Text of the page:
I used those connections to get really cool people on my show. That’s something to think about.

Now that I have a higher ranking podcast guests tend to seek me out and ask if they can be on my show. That’s always a cool thing, especially when you’re wanting to know who wants to be on your show. That is a huge “yes”.

I love those moments. We still go after some people and then we get requests from others. How do we decide who we want on the show? We definitely make sure their content is actionable. We make sure they are willing to do a little back and forth with us.

We prepare questions in advance so there is a nice flow for my interviews. We ask for a little bit more time and attention to the outline with a guest than maybe the average podcast show.

As long as someone’s willing to work with us that way then we are golden. Jill will often get on the phone with whoever I’m going to interview and will do a preliminary interview with them. If they are a really big name and just don’t have time for that she’ll go back and forth with a Google.doc with them or ask them to send information that can be put into a loose outline.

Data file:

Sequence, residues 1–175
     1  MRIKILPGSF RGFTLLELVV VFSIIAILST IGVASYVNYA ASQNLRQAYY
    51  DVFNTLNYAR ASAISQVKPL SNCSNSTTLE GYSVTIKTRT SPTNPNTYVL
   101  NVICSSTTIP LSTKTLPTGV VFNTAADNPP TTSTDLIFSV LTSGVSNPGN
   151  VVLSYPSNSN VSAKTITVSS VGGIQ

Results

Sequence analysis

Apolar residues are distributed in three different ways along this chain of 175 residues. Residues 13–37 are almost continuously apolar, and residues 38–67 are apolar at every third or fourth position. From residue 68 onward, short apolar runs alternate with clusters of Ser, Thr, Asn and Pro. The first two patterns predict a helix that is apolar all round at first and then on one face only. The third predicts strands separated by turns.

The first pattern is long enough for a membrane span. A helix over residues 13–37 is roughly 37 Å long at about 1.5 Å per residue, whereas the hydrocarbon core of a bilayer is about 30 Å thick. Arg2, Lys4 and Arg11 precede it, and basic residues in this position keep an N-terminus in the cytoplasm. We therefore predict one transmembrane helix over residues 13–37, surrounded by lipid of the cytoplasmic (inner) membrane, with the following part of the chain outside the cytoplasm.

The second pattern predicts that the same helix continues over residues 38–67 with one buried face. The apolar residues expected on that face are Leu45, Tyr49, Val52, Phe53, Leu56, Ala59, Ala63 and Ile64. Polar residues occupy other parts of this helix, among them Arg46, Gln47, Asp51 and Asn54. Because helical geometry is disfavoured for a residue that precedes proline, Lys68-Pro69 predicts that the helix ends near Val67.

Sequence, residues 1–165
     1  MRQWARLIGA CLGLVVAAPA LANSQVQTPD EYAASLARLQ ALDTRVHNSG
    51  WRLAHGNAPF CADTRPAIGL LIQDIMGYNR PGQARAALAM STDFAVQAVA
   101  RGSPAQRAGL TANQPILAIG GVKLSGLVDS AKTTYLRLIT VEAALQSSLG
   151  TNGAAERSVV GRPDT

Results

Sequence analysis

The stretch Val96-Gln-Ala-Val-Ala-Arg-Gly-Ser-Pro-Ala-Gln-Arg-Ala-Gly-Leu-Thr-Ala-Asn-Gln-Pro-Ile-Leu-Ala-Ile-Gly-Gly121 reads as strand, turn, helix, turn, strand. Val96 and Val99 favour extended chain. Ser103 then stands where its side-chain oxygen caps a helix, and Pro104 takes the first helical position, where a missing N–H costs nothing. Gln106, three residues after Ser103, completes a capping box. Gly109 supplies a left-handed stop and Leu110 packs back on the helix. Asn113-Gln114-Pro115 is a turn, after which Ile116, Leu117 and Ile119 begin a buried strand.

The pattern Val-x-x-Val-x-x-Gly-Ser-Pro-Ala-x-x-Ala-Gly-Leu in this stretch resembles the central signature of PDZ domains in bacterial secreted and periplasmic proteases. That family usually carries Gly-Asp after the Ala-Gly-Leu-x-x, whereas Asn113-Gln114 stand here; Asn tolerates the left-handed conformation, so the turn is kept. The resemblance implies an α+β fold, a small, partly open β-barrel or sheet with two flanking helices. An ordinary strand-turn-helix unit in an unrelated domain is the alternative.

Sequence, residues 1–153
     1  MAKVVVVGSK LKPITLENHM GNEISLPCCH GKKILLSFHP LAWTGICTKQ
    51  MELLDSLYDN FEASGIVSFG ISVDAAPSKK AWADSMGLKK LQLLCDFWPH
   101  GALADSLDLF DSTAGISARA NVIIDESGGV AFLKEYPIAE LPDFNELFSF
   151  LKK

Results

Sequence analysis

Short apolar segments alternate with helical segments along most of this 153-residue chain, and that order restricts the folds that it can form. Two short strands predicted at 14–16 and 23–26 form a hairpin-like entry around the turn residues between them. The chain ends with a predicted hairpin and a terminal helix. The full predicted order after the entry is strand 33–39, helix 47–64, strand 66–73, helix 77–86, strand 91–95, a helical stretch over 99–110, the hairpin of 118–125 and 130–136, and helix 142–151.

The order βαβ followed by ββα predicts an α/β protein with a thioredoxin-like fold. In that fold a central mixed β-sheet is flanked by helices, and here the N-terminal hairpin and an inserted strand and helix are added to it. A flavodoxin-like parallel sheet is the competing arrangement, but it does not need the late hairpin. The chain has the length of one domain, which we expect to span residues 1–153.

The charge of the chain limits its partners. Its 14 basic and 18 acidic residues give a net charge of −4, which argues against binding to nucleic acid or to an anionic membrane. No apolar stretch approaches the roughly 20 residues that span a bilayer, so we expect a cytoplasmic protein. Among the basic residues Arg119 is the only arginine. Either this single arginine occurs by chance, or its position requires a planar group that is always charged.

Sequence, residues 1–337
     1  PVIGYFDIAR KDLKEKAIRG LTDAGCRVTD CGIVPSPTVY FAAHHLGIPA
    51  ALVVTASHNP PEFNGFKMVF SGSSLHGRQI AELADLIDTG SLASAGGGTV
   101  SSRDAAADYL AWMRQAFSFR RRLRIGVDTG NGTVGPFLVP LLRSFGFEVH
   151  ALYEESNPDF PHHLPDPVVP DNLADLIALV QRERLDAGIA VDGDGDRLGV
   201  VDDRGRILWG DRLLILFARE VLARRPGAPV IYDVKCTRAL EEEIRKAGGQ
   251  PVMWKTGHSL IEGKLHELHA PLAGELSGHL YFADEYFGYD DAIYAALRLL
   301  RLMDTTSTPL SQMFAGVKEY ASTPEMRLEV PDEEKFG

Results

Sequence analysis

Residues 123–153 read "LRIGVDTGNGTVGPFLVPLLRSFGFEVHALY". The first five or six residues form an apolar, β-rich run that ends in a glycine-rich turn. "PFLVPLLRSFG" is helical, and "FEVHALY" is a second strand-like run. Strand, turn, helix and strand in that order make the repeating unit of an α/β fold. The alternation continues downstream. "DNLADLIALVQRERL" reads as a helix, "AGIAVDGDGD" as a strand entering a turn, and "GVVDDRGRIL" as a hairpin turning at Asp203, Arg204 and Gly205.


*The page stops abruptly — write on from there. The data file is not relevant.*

We don’t beat it down in terms of needing two hours in order for them to be on my show. We don’t do anything like that but we do request some valuable time before the interview.

Then, Jill is able to give me an outline for my solo shows and my interview shows, and that’s where we’re going next.


From the topics meeting we create our outlines. Back in the day I would usually create a bulleted outline with some keynotes and record from that. Remember, if you are doing this all on your own, or hopefully you at least have a little help from a VA, you’re just writing some loose notes or a loose outline before you start to record.